This cost-of-living crisis was entirely predictable

Here’s how to future-proof society – and your own firm – for the next crisis.
The financial revelations of 2022 were a long time coming – and are here to stay until we change our behaviours. Only properly pricing in the future can save businesses from themselves.

What has happened to the UK? Inflation is at a 40-year high. Energy prices have been essentially nationalised, even as there are talks of winter blackouts and general strikes. Both Gilts and Sterling are busy vomiting up two decades worth of their low-volatility diet, whilst 3,000 new households a dayreceive a mortgage renewal letter that could bankrupt them. And there is no solace from those in charge – Numbers 10 and 11 Downing Street seem to have transformed from the home of government into a short-term holiday let.

We are in the midst of a crisis. Or, In the wonderful world-salad declared by a motion of Milton Keynes City Council, a ‘cost-of-living crisis emergency.’

Everything has certainly become a lot more expensive this year, perhaps ruinously so. My heart goes out to everyone effected, especially those on low incomes (who also bear the least responsibility for this mess). So yes, this is a crisis – but one that shouldn’t have come as a surprise. And more importantly, it’s not one that will just blow over. We need to change our ways to adjust to these new realities – or face a very long emergency indeed.

Understanding a financial heart attack

Picture the UK as someone having a heart attack. They would of course, be rushed to A&E – but their condition is, in truth, no accident at all. A heart attack is rarely an anomalous interruption to a healthy system, but instead a predictable culmination of long-term damage. Years of stress, pollution, poor diet, trauma and inactivity can all be ignored for a time – but not forever. At that point, it might be too late; and for those lucky enough to survive, a radical change in lifestyle beckons.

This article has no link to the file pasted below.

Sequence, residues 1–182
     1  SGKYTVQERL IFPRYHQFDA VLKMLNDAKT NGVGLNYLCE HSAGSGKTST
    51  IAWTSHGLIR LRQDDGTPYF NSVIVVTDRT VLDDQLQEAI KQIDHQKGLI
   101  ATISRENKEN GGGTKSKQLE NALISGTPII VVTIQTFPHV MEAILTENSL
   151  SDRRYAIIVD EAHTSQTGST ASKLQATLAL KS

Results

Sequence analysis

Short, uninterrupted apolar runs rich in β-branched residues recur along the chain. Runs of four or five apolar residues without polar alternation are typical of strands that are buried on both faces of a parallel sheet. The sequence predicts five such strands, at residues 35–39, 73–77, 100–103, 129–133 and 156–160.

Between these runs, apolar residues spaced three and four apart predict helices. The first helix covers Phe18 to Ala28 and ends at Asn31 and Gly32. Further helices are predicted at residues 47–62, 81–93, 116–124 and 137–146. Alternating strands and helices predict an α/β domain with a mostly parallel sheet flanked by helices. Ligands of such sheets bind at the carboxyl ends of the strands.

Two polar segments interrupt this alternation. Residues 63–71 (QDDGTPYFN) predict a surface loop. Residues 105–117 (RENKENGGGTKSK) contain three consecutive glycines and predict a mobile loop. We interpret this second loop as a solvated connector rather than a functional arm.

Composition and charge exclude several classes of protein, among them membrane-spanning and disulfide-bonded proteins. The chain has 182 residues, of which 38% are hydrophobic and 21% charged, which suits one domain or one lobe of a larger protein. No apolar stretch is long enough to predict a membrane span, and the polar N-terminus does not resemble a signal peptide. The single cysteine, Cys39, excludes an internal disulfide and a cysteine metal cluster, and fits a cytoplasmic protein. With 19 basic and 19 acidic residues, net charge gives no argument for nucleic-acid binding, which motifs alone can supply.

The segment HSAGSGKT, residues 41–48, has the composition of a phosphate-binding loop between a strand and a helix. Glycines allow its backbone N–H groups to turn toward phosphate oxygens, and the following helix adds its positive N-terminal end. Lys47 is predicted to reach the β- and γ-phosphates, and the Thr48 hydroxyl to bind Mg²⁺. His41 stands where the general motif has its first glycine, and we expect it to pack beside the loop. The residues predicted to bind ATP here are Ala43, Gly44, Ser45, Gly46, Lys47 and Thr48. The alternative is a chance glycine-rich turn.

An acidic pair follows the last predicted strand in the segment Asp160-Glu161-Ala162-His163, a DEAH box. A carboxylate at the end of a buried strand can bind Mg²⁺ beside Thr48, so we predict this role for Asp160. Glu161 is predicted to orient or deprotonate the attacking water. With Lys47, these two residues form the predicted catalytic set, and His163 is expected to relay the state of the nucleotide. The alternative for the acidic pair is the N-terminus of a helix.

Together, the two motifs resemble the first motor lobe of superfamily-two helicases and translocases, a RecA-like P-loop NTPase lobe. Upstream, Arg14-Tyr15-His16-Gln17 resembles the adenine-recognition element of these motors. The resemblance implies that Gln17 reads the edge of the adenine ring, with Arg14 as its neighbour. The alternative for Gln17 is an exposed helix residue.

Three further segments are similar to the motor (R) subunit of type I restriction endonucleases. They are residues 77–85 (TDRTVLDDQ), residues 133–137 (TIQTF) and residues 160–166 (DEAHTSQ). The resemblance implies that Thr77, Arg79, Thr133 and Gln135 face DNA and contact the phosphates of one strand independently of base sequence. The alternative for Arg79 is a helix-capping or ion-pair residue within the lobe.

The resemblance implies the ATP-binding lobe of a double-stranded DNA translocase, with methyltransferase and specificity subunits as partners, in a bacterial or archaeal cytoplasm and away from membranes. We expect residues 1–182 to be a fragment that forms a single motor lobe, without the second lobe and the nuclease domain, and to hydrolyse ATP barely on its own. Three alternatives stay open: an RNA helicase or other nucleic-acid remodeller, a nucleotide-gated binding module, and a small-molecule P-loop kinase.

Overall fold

So it is with the UK today. The risks have long been plain, the warnings ignored. Fifteen years of central bank largesse has left the country addicted to debt and mired in capital misallocation. Decades of wage stagnation mean that the majority of people in poverty are also in work. Worsening energy import dependency – over 60% of gas in 2021 – has left us increasingly reliant on the worst of the world’s autocrats; meanwhile, successive UK governments have cut domestic clean energy programmes (see: any government policy with Green in the name). Even COVID – that great ‘surprise’ – came on the heels of years of warnings, as we loaded the diceof genetic mutation through our destruction of the natural world.

This is the hard truth: these costs – which seem to have appeared from nowhere – have been around for a long time. They just weren’t priced in. This crisis should be seen as a moment of revelation -and an opportunity to change.

Which leads us, neatly enough, to climate.

The impact of accounting for costs

These reflections on the state of the UK today were prompted by my discussion with Ioannis Ioannou for our latest episode of Conversations on Climate. We weren’t talking specifically about inflation, or energy, or contemporary politics at all. Instead, I was interested in where he stood on the old profit vs. purpose debate. Do businesses face a conflict between sustainability and financial returns?